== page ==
Fiction and Point of View

Daily Prompt

WN #13: Rereading and Highlighting

You’ve written 12 entries in your notebook now.  It’s time to comb back through it.  Take a highlighter, pen, and/or pencil and begin rereading.  As you do, mark words, phrases, or ideas you had that you find interesting.  Feel free to write new thoughts and ideas in the margins.

For today’s entry, write a brief reflection on how you view your writing so far.  Are you noticing any patterns?  Can you identify your writer’s voice yet?  What do you see as your strengths?  Use these questions as spring boards for exploring your writing persona.

Take 15 minutes.

Now it’s time to start breaking down the elements of what makes fiction effective.  We’re going to play around today with a generic scenario, then write about it from different points of view to see how that changes the story.

Let’s brainstorm a few ideas for basic scenarios.  Then, we’ll branch out into different points of view to tell the story.

Be prepared to share your work.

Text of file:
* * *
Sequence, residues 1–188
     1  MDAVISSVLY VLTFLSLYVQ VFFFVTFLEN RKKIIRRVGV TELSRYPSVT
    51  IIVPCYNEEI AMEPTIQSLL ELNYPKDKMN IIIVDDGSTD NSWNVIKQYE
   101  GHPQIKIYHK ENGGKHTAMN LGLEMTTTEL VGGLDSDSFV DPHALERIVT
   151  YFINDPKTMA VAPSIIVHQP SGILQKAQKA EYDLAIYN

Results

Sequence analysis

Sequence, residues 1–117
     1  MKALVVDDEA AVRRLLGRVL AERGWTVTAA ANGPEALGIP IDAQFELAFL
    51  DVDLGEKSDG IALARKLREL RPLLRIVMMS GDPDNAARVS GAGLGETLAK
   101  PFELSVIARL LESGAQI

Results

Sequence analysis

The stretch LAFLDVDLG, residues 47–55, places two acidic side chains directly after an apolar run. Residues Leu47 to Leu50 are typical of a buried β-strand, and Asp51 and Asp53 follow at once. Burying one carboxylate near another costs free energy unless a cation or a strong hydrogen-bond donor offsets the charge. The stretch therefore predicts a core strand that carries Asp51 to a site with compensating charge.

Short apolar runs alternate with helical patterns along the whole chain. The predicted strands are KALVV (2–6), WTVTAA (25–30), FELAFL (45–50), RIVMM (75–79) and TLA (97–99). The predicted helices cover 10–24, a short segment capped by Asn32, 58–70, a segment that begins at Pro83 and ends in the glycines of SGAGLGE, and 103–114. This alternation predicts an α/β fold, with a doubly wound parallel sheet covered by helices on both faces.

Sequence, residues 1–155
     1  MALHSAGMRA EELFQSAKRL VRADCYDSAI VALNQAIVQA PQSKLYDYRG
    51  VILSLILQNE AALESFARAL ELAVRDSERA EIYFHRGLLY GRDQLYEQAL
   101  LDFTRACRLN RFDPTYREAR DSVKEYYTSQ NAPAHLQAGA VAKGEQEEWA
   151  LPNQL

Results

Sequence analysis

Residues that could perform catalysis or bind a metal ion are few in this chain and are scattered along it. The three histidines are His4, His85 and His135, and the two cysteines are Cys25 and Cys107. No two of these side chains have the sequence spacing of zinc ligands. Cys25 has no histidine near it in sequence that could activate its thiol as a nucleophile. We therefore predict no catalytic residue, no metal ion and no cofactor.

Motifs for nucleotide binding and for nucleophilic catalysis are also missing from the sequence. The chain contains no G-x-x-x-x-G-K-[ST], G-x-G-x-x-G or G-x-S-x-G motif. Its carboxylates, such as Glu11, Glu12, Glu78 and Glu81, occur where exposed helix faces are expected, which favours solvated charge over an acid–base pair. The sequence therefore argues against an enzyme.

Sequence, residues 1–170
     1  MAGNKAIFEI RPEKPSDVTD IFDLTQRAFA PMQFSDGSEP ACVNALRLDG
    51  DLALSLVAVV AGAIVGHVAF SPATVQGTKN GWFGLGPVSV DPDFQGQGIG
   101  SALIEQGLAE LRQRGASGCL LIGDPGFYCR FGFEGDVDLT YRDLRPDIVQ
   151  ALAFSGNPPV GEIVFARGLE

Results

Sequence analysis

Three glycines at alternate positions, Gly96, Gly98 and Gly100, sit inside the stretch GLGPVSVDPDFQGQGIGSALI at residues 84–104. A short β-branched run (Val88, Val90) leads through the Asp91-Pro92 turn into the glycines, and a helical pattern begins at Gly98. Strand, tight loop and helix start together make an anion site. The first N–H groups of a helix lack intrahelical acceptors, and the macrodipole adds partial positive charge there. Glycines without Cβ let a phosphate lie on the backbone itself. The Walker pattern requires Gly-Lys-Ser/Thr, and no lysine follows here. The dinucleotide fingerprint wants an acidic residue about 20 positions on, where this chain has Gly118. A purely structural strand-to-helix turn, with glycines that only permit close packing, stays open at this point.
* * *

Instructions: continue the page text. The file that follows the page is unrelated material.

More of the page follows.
Before you go, be aware of a contest Cromaine Library is hosting.  It’s a great chance to showcase your writing talent and maybe win some cash!

 

 

Flash Fiction Workshop

Daily Prompt

WN #12:  Flash Fiction

Read the following piece of flash fiction written by your peer.

“What is it like to breathe?”     ~natalia renee solis

Incorporate this line into your own short piece of fiction.  It could be the first line, in the middle, or the last line. It’s up to you.

Write for ten minutes.

Hi class!  Let’s start by discussing the authors’ techniques from your reading yesterday.

For the remainder of class, I’m going to continue conferencing with students.

As I do, you should work on writing a more polished piece of flash fiction (typically no more than 700 words).

Consider having a peer read it and give you feedback.

Consider posting it on your blog tomorrow.

If you’re not feeling the flash fiction bug, write something else.  As long as you’re writing, you’re using time wisely.

Remember we are meeting in lab 300 tomorrow.  Your first graded post will be due.  Directions will be provided tomorrow on how to submit.

Happy writing!

 

 

 

Flash Fiction: Day Two